Monday 26 April 2021

Red Mars - Kim Stanley Robinson (1992)


Rating: Sublime

I put off reading Red Mars for a long time, thinking that it would be a pretty dry narrative, with Robinson being the reigning king of realistic hard science fiction. How wrong I was! I could not believe just how compelling Red Mars is and how well Robinson captures both the practical difficulties of colonising Mars and the drama of the endeavour, not to mention the personal stories of the ensemble of characters, all of whom are brilliantly well rounded. It didn't take me long to realise just how special this novel is, the opening section, 'Festival Night' is set well after colonisation, and acts to pique interest, with a number of conflicts between the 'First Hundred' on display. The next section, 'The Voyage Out', is a stunning depiction of what a voyage to Mars might be like. It's completely fascinating and kept humming along by Robinson's efficient, yet engaging narrative style. Robinson is a superb writer, getting the balance between depicting characters interior lives and the practicalities of voyaging through space absolutely right. Robinson juggles the multitude of characters perfectly throughout the novel, all with their own strengths and weaknesses, flawed, like any humans would be, even though they are the chosen elite, dubbed the 'First Hundred'. Robinson deals with the problem of balancing so many characters by concentrating on around a dozen, establishing them as the principle protagonists; my favourites being the Russians, Nadia Chernyshevski, Maya Toitovna and the redoubtable Arkady Bogdanov, who has very different ideas about what should happen on Mars. The Americans are interesting in their own way, the good-guy hero John Boone, the sociopathic Frank Chalmers and the Asperger-like scientist Saxifrage Russell. Often long sections of the narrative are extrapolated via the perspective of one of these characters and you really get to know them and their personal and professional struggles whist you are exploring the surface of Mars.

The planet in question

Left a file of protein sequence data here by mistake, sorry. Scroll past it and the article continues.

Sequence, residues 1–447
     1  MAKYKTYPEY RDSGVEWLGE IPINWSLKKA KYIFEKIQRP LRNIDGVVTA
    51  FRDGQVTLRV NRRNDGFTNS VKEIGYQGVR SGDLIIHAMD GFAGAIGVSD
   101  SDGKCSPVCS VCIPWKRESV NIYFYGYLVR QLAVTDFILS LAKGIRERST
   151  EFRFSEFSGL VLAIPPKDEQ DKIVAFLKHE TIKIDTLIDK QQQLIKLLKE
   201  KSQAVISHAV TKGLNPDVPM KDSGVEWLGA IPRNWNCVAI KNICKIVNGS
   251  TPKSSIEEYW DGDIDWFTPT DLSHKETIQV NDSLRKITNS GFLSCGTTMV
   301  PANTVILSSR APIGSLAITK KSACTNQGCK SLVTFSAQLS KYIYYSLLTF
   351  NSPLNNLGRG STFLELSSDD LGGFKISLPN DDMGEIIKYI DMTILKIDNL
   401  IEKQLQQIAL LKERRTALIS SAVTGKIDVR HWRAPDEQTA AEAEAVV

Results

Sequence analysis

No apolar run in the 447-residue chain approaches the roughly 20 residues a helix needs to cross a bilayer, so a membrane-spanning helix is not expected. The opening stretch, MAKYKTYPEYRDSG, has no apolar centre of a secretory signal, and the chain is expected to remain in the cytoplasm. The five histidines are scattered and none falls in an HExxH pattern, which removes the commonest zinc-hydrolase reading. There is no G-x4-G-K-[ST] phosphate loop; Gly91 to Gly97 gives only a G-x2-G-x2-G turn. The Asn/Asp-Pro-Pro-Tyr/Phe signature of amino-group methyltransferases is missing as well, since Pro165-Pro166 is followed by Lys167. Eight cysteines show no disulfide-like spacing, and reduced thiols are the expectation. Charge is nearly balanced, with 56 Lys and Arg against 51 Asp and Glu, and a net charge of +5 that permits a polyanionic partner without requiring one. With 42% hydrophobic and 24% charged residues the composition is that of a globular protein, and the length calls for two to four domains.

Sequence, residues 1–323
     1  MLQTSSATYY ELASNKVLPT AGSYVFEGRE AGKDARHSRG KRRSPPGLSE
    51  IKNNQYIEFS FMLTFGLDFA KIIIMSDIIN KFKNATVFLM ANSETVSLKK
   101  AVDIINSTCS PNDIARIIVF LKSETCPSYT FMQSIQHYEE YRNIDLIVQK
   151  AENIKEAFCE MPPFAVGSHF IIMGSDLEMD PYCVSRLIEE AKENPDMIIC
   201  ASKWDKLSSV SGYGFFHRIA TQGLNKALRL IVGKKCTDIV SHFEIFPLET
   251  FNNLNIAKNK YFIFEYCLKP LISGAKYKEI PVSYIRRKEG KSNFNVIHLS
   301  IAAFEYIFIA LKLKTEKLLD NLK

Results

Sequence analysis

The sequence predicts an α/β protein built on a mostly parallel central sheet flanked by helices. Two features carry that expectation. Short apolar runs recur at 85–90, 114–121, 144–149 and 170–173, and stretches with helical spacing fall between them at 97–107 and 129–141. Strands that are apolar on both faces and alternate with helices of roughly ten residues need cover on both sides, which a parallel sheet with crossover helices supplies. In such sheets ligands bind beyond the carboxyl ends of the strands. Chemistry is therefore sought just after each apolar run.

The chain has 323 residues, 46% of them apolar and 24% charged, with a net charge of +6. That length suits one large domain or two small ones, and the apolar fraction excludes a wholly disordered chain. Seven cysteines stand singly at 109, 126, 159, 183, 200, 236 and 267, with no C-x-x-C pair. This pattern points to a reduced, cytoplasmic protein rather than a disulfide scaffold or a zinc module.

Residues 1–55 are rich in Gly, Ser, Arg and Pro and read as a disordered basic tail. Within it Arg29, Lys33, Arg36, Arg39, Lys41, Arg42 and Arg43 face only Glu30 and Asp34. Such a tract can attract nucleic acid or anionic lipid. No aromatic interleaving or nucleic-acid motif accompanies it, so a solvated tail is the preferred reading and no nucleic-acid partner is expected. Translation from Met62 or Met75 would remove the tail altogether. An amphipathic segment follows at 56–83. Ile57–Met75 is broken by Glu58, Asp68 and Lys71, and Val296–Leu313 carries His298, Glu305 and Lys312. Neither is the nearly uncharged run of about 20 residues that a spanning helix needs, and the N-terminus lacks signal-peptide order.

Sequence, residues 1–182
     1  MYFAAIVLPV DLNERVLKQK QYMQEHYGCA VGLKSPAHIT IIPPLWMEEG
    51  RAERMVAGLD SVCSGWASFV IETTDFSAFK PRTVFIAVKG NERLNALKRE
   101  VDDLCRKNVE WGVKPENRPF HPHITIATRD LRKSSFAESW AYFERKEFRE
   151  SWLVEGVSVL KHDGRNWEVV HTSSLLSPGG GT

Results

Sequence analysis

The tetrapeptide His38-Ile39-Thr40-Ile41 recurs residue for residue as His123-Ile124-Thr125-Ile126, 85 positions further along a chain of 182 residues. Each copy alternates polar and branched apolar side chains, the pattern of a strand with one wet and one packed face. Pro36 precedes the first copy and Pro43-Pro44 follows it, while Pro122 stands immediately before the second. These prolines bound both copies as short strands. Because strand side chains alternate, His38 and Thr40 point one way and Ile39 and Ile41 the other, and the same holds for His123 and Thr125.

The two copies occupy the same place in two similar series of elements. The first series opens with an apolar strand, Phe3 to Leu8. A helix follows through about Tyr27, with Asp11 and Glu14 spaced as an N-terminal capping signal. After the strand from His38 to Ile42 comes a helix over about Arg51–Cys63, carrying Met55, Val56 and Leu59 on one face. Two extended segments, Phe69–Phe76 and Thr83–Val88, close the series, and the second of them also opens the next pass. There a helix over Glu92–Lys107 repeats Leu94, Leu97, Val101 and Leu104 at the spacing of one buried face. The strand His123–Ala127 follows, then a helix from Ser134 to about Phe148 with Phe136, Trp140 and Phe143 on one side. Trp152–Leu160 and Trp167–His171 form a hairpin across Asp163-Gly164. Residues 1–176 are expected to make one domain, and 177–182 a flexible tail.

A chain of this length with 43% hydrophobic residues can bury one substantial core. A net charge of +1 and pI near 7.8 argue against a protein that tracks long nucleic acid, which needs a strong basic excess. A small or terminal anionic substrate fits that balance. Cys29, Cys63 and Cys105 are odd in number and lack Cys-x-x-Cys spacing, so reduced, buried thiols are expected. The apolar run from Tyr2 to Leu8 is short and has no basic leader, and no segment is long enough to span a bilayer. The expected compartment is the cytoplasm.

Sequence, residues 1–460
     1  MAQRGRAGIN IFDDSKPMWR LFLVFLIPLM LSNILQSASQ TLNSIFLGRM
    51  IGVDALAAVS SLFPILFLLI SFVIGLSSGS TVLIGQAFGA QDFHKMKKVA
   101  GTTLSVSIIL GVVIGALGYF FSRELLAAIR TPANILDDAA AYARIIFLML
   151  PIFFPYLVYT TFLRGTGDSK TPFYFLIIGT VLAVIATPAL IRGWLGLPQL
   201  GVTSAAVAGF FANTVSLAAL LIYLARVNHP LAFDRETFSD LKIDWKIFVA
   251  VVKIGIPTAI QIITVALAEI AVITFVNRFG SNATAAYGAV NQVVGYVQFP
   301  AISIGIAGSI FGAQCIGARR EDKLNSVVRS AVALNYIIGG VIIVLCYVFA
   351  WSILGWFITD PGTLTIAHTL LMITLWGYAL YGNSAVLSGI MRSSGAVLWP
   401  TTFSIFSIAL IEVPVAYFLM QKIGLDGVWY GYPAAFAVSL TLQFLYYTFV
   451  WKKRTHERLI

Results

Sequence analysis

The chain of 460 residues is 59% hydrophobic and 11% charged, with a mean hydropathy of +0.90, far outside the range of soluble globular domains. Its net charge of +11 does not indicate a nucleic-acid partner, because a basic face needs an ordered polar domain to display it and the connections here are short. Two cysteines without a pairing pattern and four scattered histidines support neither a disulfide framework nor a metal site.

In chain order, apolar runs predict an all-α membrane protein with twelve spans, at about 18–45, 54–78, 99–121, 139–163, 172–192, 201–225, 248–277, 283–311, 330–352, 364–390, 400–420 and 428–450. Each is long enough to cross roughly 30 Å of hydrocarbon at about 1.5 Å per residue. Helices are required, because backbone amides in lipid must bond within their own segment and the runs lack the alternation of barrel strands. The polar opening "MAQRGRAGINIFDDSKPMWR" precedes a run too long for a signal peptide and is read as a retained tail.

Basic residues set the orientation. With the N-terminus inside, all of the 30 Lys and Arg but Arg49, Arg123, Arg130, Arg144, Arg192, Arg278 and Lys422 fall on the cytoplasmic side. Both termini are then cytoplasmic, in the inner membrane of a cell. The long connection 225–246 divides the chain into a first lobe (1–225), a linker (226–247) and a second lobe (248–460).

As the novel progresses it becomes increasingly absorbing, with superb descriptions of the Martian landscape. Robinson perfectly evokes the alien beauty of the planet, particularly when several of the characters journey to the North Pole in order to set up an automated supply chain of blocks of ice to provide the fledgling colony with fresh water. Throughout the novel the hard science of building habitats, beginning terraforming and dealing with the politics of the situation, both within the 'First Hundred' and the authorities on Earth, is depicted so well that I just can't imagine any other writer doing a better job. Red Mars is totally epic in scale and things get really interesting once more and more people start arriving and infrastructure, such as a space elevator, is built. To reveal more would risk the intrigue of the novel for new readers; all I will say is that the novel has more drama and mystery than would you'd expect. Robinson also explores the philosophical aspects of humanity being on Mars and altering it forever, through individual musings and a rift between those in the "First Hundred' who are for terraforming and those who are against humanity, yet again, altering an environment for their own ends. At one point there is an amazing debate about this issue, which left me amazed at Robinson's insight and erudition. The novel's long endgame is exciting and unpredictable. Once it resolved I was bereft at losing access to Robinson's incredible world-building. Fortunately being the first in a trilogy, with Green Mars (1993) and Blue Mars (1996) to come, I'll be able indulge myself again in the near future. If you are a fan of hard science fiction, you should indulge yourself too....